ALBUQUERQUE (KRQE) – Art Martinez was taking a walk with his dog, enjoying the beautiful spring day when something ugly caught his eye.
“What the heck’s going on here?” Martinez said when he saw it.
His neighbor had been stockpiling used, torn-up tires. He was stacking them under the carport.
“It’s a hazard. It’s something that should (have) never happened,” Martinez said.
There weren’t just a few tires. There were probably close to 150 of them at the home in the Heights near Wyoming and Menaul. The tires even spilled over into the neighbor’s driveway.
“Maybe the backyard is full too,” Martinez said.
Martinez and his wife Luisa are worried that the tire hoarding is a hazard. One small flame or ember could ignite the whole pile, putting the whole block at risk.
“When a tire goes on fire, it’s hard to put out… and the smoke and the fumes that generate,” Art Martinez said.
But beyond the safety hazard, it’s a huge eye-sore that no one wants in their neighborhood.
“I don’t even look when I go by… look at the other side,” Luisa Martinez said.
Renter Edward Martinez left this mess when he abruptly moved out in February. When KRQE News 13 called him, he hung up the phone.
The homeowner told KRQE News 13 she had been trying to get Martinez to clean up the mess for more than a month before he moved out.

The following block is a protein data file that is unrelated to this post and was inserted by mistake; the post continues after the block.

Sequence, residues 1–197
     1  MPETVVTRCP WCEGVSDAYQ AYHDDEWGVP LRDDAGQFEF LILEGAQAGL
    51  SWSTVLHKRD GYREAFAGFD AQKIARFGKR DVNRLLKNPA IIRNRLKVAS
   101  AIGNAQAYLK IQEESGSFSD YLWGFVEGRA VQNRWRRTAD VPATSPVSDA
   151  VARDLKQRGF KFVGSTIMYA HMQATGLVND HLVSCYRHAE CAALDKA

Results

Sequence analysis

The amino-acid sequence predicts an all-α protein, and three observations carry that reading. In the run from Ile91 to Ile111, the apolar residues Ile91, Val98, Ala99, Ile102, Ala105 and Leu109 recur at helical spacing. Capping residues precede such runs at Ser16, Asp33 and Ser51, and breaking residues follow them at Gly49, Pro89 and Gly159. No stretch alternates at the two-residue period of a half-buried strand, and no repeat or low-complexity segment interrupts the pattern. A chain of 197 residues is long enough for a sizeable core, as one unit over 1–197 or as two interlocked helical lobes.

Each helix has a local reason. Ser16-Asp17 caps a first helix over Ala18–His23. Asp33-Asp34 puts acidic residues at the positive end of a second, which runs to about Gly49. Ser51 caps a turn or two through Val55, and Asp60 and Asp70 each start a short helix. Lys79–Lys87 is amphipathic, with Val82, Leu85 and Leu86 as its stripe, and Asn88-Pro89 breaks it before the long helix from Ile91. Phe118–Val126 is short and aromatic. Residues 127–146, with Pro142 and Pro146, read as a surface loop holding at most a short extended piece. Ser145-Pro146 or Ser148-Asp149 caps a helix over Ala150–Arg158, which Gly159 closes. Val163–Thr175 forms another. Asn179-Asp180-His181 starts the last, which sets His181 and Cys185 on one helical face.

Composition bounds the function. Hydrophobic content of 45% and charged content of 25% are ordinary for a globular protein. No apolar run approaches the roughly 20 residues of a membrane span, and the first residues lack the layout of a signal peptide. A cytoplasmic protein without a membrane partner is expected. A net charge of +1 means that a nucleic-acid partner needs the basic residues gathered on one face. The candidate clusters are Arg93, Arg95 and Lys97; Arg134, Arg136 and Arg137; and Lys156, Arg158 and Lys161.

“They said that they were selling them and they were going to take them away and then they just disappeared,” she said.
But because Cox owns the home, she is ultimately responsible. She said she doesn’t have the money to haul away the tires and she never collected a deposit from the renter to use for their removal.
“I told them to get them out and he said that he would and he just disappeared,” Cox said.
A spokeswoman for the city of Albuquerque said a zoning inspector checked out the tires in the carport and said because the tires sit under the carport, it’s considered part of the inside the house. The city said, that means there is not a zoning, housing or litter violation. And the Albuquerque Fire Department spokeswoman said their agency doesn’t regulate residential properties.
The renter told Cox and neighbors that the local tire stores paid him $4 a tire to haul them away from their shops for disposal. If that’s true, he collected about $600 for the tire stash. Clearly he didn’t dispose the tires where he was suppose to.
Since KRQE News 13 contacted the homeowner, some of the tires have disappeared, others have been moved to the backyard. The new renter has told Cox that he is willing to put out four tires a week on the curb for the city to pick up as part of the large item collection.
AFD said the Albuquerque Area Firefighters Random Acts organization would help pay for removal of the tires, it just needed a quote from a company about how much it would cost to haul away the tires. KRQE News 13 left several messages seeking that information from Cox. She would not call back.
Most of the tires still remain under the carport.
“It puts a smear on the neighborhood,” Art Martinez said.